SOUTH BEND — Malachi Southern would’ve thought it was the coolest thing.

He would’ve loved seeing more than 250 doctors, nurses, technicians, therapists, cafeteria workers, custodians and so many others line the hallways for him – hallways that 10 minutes earlier had been empty but quickly filled after an overhead announcement asking associates who could spare a few minutes to assemble for a special tribute.

He would’ve loved being the center of attention in the first Honor Walk for a pediatric patient, and only the second patient ever honored this way at Memorial Hospital. And to be slowly pushed on a bed with wheels, his mom by his side, past so many people who were there to support him on his way to the operating room.

And the kind-spirited 12-year-old who loved to tell corny jokes, emulate Fortnite dance moves and ride his red motorized dirt bike would’ve loved knowing he saved the lives of three people by donating his kidneys, pancreas and liver after his dirt bike accident in Goshen. His heart valves and corneas will likely help even more people.

If Malachi had known he was going to die, he would’ve wanted to help others.

“If he knew he saved three people, he would be ecstatic. He would want to help people, because that was my son. He cared about people,” Melissa Southern said. “We all hoped he was going to recover. But if that wasn’t going to happen, I knew this would be something he would want to do. I’m positive about it.”

Melissa learned about the tribute planned by the hospital only a short time before her son would take his last breath a week ago Monday. She and her husband, Josh, broke down sobbing at Malachi’s bedside as they listened to what they could expect during the Honor Walk. It’s a solemn ritual for hospitals across the country to acknowledge the sacrifice the dying patient is about to make.

They looked over at their son, his face swollen but peaceful. Malachi never regained consciousness after arriving at the hospital on June 10 after an accident on his dirt bike. His room now was dimly backlit in red, Malachi’s favorite color, as the staff prepared to say their goodbyes to the young man, and move him for the last time.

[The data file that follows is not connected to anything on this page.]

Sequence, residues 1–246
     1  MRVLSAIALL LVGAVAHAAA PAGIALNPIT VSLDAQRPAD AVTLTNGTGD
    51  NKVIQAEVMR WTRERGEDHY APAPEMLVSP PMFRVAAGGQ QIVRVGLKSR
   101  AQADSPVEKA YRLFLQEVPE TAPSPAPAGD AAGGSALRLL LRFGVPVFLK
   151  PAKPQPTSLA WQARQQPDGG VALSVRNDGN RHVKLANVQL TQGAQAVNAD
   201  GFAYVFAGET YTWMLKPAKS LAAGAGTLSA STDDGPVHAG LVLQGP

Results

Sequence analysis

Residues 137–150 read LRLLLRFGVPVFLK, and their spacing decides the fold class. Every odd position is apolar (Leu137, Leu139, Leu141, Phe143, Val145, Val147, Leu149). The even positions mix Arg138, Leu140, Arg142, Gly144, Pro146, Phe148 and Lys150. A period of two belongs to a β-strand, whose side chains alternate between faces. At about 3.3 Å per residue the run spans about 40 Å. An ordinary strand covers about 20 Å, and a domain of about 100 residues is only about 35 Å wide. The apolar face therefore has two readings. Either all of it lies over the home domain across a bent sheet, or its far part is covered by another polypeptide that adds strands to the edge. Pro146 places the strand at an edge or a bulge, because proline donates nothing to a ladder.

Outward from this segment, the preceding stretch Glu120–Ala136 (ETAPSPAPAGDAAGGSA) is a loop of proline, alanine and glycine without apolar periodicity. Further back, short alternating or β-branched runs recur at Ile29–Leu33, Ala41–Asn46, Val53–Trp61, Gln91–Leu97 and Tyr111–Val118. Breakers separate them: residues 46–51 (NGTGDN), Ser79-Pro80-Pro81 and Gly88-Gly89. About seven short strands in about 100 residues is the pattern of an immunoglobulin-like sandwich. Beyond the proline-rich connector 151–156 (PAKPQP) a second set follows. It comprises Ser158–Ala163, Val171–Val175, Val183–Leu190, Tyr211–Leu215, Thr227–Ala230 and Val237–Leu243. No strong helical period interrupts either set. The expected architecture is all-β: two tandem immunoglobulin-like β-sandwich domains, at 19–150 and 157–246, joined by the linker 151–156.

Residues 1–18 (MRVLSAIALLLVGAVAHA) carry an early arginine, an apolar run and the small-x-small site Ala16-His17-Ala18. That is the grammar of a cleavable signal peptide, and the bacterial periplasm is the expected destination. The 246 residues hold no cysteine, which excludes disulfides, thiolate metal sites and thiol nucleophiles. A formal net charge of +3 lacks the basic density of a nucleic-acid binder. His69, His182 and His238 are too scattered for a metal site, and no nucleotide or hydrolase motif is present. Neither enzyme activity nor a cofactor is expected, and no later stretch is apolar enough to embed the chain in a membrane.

The same nurses and specialists who spent the week caring for Malachi on the pediatrics unit now gently tucked white sheets and blankets around him. Melissa looked up at the nurses and staff, knowing each and every one had gone above and beyond for their family.

Chaplain Adelakin Sunday made special arrangements to baptize Malachi. Dr. Mark Thompson, the trauma surgeon, would come up to check in. Dr. Nikhil Patankar would explain things over and over again so he was sure Melissa understood completely what was happening. “He hugged me and even cried with me,” she said. Dr. Martin Alswang watched Snapchat videos of Malachi laughing and dancing. Nurse Heather Berry gave up her day off to come in and see how Malachi was doing, and Jessica Lewin, a child life specialist, was patient and kind.

“They were so willing to give up time with their own families to be with my son,” Melissa said. “Even when they knew it was fatal, they would still talk to Malachi as they explained what they were doing. ‘Sorry, buddy, but I’m going to open your eye now.’ They would say his name and act like he was just sleeping.”

It was only natural for Melissa to lie beside her son during the Honor Walk. She had slept in bed next to him every night in the hospital. She held his hand, talked to him, stroked his cheeks, kissed him and told Malachi over and over again how much she loved him. The nurses held him up so she could hug him – really hug him – one last time. She wanted to be with him now, and to hold his hand when he took his last breath.

With Malachi’s head tilted toward his mom, the doctors and nurses rolled the bed down silent hallways brimming with people. Hallway after hallway, employees stood shoulder-to-shoulder. Phones and beepers silenced, the only sounds were the life-support machines and automatic doors opening and closing.

So many people held tissues and wiped away tears.

The love they could see between mother and son was palpable.

“I couldn’t look up, but out of the corner of my eye I could tell how many people we were passing,” Melissa said. “When we got downstairs I could hear people crying. They were crying, and they didn’t even know my boy. It was overwhelming, how everyone was taking time out of their day to respect him.”

She said she felt some comfort in the number of ways Malachi told her goodbye during the last week: In a tear that trickled down his face the first night in the hospital. In a nurse’s Pink Panther Theme ringtone on her phone that was the first song he learned to play on his xylophone.

And she is comforted in knowing Malachi’s final act was a gift of hope to others.

“Malachi was very empathetic, always wanting to help people, so I know it’s what he would have wanted,” she said. “A part of him will always be helping someone else.”

This story was first posted Thursday on the Beacon Health System website. 

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